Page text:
Jakob Coykendall is a senior at UNC, majoring in Asian Studies and minoring in Sociology and Communication. Jakob works for the Gender and Sexuality Resource Center (GSRC) and is a member of the McNair Scholars program.
Being in the McNair program means that Jakob performs their own original research project. Their project, titled: “Exploring the Impacts of COVID-19 on LGBTQ+ Intimate Relationships,” involved interviewing community members from the UNC and Weld County communities about their experiences during the COVID-19 pandemic.
Of course, no good research project happens in a vacuum, so Jakob has enlisted the help of Darren Ilett, the World Languages & Cultures librarian.
Jakob previously met Darren through the GSRC’s mentoring program and through research workshops. Jakob interviewed a few different faculty members before selecting Darren as their research advisor.
While Jakob’s research project is outside of their major in Asian Studies, it was a shared love of languages that sold them on Darren: “Within my major, I’m studying Japanese and Chinese, which is very different from queer communication…actually, that’s one of the aspects that drew me to Darren because he’s a German [language] genius, and we both really like languages.”
While some faculty advisors are more hands-on, Darren encourages Jakob to take the reins on the project. Darren is there to offer support and answer questions as needed. “He’s just a wealth of information,” Jakob says.
Darren and Jakob met once a week to do a progress check-in. While McNair has its own timeline for how research should be done, Jakob sped up the process after receiving an invitation to present (virtually) at both UNC’s Research Day and at the National Conference on Undergraduate Research in April.
- UNC student Jakob Coykendall
Since Jakob has had such a positive experience with the Libraries – not just with Darren, but with other faculty and staff – they consider the Libraries a valuable support system. “There [are] multi-faceted layers of support that come from the Libraries,” they tell us, “both the resources available…and the space that [they] provide.”
Jakob backtracks for a moment to say, “One piece why I think the Libraries provides me with such a support system is that I’m a First-Generation scholar. The Libraries are just so important for First-Generation scholars.” Before coming to UNC, Jakob didn’t know how to conduct proper research. Now that they have the tools and resources necessary to do the kind of research they need for their project, Jakob feels less apprehensive and approaches things differently: “Now when I’m doing research, you know, I just get like, giddy,” they say with a chuckle. “I know what to do, exactly where to start, and how to go from there.”
Jakob has also learned more about research bias throughout this process. They plan to include a personal statement in their project so they can be honest about the types of biases and stakes they have in this research. Jakob told us, “Personally, I would rather just be upfront and own that rather than beating around the bush because all researchers have bias[es].”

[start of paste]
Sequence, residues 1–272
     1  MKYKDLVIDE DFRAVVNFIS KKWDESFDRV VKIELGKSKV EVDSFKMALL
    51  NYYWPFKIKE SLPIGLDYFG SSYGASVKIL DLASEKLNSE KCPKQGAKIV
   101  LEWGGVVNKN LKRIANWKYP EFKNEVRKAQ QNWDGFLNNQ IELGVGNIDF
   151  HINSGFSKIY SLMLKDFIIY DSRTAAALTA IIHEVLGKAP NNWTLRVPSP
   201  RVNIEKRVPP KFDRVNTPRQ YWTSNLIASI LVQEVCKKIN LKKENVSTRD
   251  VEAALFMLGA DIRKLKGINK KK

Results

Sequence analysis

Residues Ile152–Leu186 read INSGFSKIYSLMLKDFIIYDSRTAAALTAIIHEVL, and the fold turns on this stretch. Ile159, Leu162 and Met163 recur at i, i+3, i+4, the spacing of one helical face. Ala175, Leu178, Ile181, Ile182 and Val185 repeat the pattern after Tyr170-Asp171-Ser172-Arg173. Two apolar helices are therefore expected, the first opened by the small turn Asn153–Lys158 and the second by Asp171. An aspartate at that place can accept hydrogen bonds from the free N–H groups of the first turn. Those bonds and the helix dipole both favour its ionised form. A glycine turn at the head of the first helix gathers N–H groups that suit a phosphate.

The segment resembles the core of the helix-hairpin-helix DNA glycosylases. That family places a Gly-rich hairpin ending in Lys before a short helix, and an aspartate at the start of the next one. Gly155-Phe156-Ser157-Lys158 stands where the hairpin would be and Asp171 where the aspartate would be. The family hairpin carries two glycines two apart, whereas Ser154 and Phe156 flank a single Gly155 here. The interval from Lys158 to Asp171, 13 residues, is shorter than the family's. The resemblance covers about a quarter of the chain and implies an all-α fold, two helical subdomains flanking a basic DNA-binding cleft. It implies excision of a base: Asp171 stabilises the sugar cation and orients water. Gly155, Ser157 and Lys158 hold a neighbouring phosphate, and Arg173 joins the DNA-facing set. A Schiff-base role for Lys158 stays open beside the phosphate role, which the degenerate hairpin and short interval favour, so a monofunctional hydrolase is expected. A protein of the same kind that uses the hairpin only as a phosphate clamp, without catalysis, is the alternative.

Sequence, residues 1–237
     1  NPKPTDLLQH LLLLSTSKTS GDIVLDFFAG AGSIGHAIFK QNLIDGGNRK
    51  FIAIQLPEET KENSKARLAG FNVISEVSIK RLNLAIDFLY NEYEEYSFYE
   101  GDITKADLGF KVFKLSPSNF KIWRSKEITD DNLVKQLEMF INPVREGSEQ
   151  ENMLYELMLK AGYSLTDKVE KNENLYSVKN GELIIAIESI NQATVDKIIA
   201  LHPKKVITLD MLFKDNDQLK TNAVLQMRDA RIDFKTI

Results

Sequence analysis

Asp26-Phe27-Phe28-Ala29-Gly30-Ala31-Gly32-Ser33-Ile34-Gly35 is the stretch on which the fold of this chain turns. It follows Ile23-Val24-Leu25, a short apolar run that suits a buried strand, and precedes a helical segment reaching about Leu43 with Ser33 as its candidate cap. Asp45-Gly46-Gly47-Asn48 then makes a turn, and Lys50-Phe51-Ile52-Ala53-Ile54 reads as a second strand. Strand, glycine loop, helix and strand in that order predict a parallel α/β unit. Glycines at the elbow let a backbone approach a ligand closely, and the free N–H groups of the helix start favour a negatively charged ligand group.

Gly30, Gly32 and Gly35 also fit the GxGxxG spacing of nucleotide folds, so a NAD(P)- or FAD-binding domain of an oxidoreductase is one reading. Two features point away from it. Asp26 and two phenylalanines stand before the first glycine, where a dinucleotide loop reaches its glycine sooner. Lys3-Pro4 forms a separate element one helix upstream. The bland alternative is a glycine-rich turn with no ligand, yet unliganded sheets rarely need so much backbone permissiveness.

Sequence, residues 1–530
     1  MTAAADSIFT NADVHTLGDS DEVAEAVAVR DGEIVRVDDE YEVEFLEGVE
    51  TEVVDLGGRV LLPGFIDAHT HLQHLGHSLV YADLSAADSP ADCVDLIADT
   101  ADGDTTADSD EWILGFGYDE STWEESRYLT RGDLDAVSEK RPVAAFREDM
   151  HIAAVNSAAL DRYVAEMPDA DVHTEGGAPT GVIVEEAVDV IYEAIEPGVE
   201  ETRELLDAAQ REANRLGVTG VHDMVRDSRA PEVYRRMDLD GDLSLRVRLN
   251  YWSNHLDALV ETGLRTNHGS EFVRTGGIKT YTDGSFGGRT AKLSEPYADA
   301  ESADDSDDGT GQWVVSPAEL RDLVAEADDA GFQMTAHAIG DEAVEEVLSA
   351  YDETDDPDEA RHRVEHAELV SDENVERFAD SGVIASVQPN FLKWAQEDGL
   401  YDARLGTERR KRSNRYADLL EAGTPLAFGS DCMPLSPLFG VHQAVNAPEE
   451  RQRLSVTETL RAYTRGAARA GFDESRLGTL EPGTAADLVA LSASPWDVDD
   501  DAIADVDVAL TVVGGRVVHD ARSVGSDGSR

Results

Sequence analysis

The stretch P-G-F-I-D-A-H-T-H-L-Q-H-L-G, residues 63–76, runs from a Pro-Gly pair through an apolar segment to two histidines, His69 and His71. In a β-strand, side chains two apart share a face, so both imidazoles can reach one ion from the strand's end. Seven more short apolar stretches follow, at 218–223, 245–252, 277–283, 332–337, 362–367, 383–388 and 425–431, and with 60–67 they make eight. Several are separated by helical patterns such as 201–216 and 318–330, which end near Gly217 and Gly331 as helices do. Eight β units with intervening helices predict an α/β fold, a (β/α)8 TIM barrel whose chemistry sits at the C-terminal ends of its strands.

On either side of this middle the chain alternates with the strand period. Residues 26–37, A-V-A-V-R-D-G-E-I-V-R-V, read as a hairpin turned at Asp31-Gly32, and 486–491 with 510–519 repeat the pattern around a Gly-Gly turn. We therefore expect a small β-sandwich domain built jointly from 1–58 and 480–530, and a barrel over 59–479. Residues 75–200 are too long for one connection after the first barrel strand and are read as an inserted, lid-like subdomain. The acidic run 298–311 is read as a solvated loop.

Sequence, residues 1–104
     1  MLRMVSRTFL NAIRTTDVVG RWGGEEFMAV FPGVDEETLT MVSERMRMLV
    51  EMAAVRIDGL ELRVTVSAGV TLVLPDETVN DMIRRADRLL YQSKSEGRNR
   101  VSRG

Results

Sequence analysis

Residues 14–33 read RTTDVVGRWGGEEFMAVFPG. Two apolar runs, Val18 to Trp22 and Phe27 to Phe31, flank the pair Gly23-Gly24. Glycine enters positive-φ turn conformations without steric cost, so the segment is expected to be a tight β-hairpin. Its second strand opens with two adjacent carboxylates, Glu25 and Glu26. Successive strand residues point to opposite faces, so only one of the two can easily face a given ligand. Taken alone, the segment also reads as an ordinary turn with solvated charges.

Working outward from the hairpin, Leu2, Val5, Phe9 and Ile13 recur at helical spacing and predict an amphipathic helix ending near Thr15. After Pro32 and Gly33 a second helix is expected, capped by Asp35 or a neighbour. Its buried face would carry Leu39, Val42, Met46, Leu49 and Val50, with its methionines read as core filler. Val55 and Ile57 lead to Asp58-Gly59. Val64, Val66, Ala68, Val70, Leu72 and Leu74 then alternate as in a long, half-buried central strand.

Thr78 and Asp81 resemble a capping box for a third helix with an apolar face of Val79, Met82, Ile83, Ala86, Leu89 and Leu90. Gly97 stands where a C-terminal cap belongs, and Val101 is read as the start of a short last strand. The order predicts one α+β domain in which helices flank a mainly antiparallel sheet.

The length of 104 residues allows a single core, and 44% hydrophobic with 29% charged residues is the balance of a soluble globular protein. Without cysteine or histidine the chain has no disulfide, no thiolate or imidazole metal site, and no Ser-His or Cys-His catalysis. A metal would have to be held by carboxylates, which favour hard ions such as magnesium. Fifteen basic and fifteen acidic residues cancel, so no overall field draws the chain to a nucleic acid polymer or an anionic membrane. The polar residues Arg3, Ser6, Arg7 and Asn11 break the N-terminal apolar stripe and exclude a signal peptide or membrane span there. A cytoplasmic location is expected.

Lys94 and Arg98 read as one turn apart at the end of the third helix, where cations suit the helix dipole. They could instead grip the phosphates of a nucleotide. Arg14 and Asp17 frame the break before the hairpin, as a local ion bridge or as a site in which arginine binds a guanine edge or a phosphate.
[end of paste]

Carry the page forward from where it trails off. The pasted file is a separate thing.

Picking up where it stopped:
While Jakob is excited to complete their project and present on it, they admit to feeling a little intimidated: “I feel a responsibility to treat my research participants well, with respect and ethically. Because I am part of the queer community this is also very personal to me, and I want to represent my community well and in a non-biased manner. So, I feel pressure from that, but I am using that pressure to motivate me to do well.”
Yet, amidst the chaos, Jakob never feels like they’re doing anything alone. Jakob feels close with their McNair cohort and mentions that their family is amazed by their growth. Jakob is constantly discussing the project with their colleagues, and Jakob’s friends support their work. Jakob admits they hope to inspire others – especially other First-Generation students – to conduct their own research. In a way, Jakob’s project is Ground Zero for future research in this area. Very few – if any – studies like this have been done since the COVID-19 pandemic started. Other scholars may look to Jakob’s project before conducting their own research.
As for the future, Jakob fully intends on attending graduate school and plans to seek a master’s degree in communication. They admit to considering a master’s degree in library and information sciences because of the impact that working with the University Libraries has had in their life.
For now, though, Jakob hopes to make themself and their community proud as the project reaches its final stage.
Each issue of the Check it Out: The Library Lowdown features a UNC student that highlights the impact University Libraries has on our campus community. Please e-mail Jennifer Beck if you would like to nominate a student to be featured. Be sure to include a brief description of the student and their experiences.